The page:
Company, the Wabash, St. Louis & Pacific Railway Company, James R. Jesup, and Isaac H. Knox, as trustees, George 1. Seney, trustee, Solon Humphreys and Daniel A. Lindley, as trustees. Various other persons, holding other bonds of the same series, were made parties defendant, and set up their rights by cross-petition. Motion to remand to state court. for want of jurisdiction in this court to hear and determine the controversy between the parties. George Hoadly, for plaintifl. Rush Taggart, for defendant. JACKSON, J. In April, 1883, the Adelbert College, an Ohio corpora· tion, commenced this suit in the court of common pleas of Lucas county, Ohio. against the above-named defendants, upon two bonds of $500 each, with coupons attached, issued in 1862 by the Toledo & Wabash Railway Company, and styled "Equipment Bonds," of which there was a total issue of $600,000. The defendant companies are corporations and citizens of Ohio, Indiana, Illinois, and Missouri. which have sucees-sively acquired by consolidations and the foreclosure of mortgages the ownership of the properties of the said Toledo & Wabash Railway Company. The individual defendants are trustees under mortgages executed by the two first-named defendant companies. The plaintiff by its suit seeks to have a lien declared upon the property, etc., that was of the Toledo & Wabash Railway Company, and now owned by its successor in title, and to subject the same to the payment of its said bonds. The succession in title and ownership to the properties sought to be charged, the several mortgages made before and since 1862, by the different companies, down to the acquisition thereof by the Wabash, St. Louis & Pacific Railway Company, and the relief sought, are the same as Ret forth in the cases of Compton v. Railway Co., 45 Ohio St. 592, 16 N. E. Rep. 110, and 18 N. E. Rep. 380, and of Railway Co. v. Ham, 114 U. S. 587598, 5 Sup. Ct. Rep. 1081. In the latter case the supreme court of the United States held that said equipment bonds constituted no lien upon the property, franchises, etc., which the defendant companies had acquired or derived through or from the Toledo & Wabash Railway Company. In the case of Compton v. Railway Co., the supreme court of Ohio, on precisely the same question and same state of facts, subsequently reached a different conclusion, and sustained the lien which plaintiff is seeking to enforce. Pending this Compton suit, the plaintiff and other holders of equipment bonds sought to have themselves made parties thereto, but this was denied by the state court, on the ground that said Compton's action was for his sole benefit. Thereupon the plaintiff instituted the present suit, which from the prayer of the original petition seems to have been intended for its sole benefit. On the 24th Novembp,r, 1883, the Wabash, St. Louis & Pacific Railway Company answered the petition, setting up various matters of defense, including the judgment of the supreme court of the United States in the Ham Case, and denying the lien claimed for the equipment bonds. On the 21st May, 1888, said Wabash, St. Louis & Pacific Railway Com·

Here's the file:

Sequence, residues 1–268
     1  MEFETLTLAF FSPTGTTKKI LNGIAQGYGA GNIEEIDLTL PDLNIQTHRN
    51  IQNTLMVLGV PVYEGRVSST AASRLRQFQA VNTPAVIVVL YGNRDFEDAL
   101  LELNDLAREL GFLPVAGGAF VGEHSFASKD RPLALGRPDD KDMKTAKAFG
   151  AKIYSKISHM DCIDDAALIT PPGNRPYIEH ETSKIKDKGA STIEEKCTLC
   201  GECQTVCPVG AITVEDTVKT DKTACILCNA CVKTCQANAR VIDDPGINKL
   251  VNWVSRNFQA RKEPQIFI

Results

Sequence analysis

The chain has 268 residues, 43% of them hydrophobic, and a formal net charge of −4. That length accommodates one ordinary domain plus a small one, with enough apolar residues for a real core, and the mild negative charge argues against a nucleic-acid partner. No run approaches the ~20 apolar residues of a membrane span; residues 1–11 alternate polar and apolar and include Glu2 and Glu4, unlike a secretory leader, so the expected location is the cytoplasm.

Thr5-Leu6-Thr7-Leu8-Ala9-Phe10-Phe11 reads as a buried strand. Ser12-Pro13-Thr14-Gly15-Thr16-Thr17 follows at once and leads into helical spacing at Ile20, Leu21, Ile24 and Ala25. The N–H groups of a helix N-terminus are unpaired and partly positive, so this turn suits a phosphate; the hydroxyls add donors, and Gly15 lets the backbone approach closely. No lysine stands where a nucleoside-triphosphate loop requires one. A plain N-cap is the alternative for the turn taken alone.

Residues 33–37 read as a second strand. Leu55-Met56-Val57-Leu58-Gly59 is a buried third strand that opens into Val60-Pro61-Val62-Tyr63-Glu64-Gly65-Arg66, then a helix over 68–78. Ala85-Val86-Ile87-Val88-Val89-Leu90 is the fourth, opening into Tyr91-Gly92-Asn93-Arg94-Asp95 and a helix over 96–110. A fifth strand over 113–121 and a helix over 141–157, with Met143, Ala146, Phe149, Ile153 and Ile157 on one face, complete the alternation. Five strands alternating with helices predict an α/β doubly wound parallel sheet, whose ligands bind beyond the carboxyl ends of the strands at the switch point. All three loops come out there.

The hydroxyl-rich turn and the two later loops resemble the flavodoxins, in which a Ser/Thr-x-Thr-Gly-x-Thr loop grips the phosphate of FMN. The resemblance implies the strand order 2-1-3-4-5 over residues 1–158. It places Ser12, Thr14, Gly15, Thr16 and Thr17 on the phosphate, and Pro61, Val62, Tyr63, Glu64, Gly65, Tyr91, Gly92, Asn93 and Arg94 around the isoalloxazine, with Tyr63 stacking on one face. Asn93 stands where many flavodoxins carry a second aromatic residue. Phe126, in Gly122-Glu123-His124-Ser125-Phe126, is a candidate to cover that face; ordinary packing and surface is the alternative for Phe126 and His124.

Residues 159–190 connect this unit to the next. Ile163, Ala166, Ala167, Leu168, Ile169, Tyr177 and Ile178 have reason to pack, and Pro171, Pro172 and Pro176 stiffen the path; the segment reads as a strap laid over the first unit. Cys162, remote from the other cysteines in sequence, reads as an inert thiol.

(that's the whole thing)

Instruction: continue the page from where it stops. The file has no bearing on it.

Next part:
pany filed an amended answer, setting up other matters of defense, among which was the fact that, under foreclosure proceedings commenced in 1884 by trustees of mortgages executed by said railway company, the circuit court of the United States for the northern district of Ohio and district of Indiana had appointed receivers of its properties, etc., who were still in possession thereof; that subsequently the trustees of mortgages prior in date and lien to the said equipment bonds had commenced foreclosure proceedings in the circuit courts of the United States for the proper districts, and that said courts were proceeding to foreclose such prior mortgages, having by their receivers and the said suits exclusive jurisdiction over the property which plaintiff sought to have charged; and that plaintiff should be remitted to said circuit courts for the deterOn Decem bel' 27, 1888, mination and enforcement of its said the plaintiff filed its amended and supplemental petition, making James Compton, who had in the mean time obtained a decree in the supreme court of Ohio establishing the lien of his equipment bonds, a party defendant, and claiming that he had no priority of payment, and asking that the proceeds of the property directed to be sold to satisfy his judgment should be distributed to plaintiff, "concurrently and co-equally" with said Compton, and, if necessary, to consolidate said causes, and make full inquiry and finding as to any and all liens upon said railway property, and the proceeds to arise from the sale of the same, "to the end that said railway property, when it shall be sold, shall pass, free and clear of all incumbrances, to the purchasers thereof, with the view of making the same bring the largest possible price at such sale." At this stage of the proceedings in the plaintiff's suit, William F. Redmond and vadous others appeareo, and on January 4,1889, made application to said state court to be made parties defenoant therein, with leave to file answer and cross-petition; and, the plaintiff consenting thereto, the court granted their application, ordered said applicants to be admitted as parties defendant, with leave, as such, "to file answer and cross-petition herein, for the benefit of themselves alone, or also for the benefit of other persons and corporations who may not have joined them in making such application, and to have and enjoy all the rights, privileges, and benefits of parties defendant herein." Said Redmond and others accordingly, on January 5, 1889, filed their answer and cross-petition in said cause, setting forth that they were holders of a large number of said equipment bonds, admitting all the allegations of the original and amended petitions, except the admission that certain mortgages, prior in date to said bonds, constituted a superior lien on the property sought to be charged with the payment of their claims. By their cross-petition, after stating their respective holdings of said equipment bonds, they allege that there are a large number of other bonds of the same class and issue still outstanding in the hands of sundry persons, partnerships, and corporations, unknown to them, in whose behalf, if they will appear and join in the cross-petition, as well as on their own the petitioners file said cross-petition. They repeat the allegations of the original petition relating to the consolidation in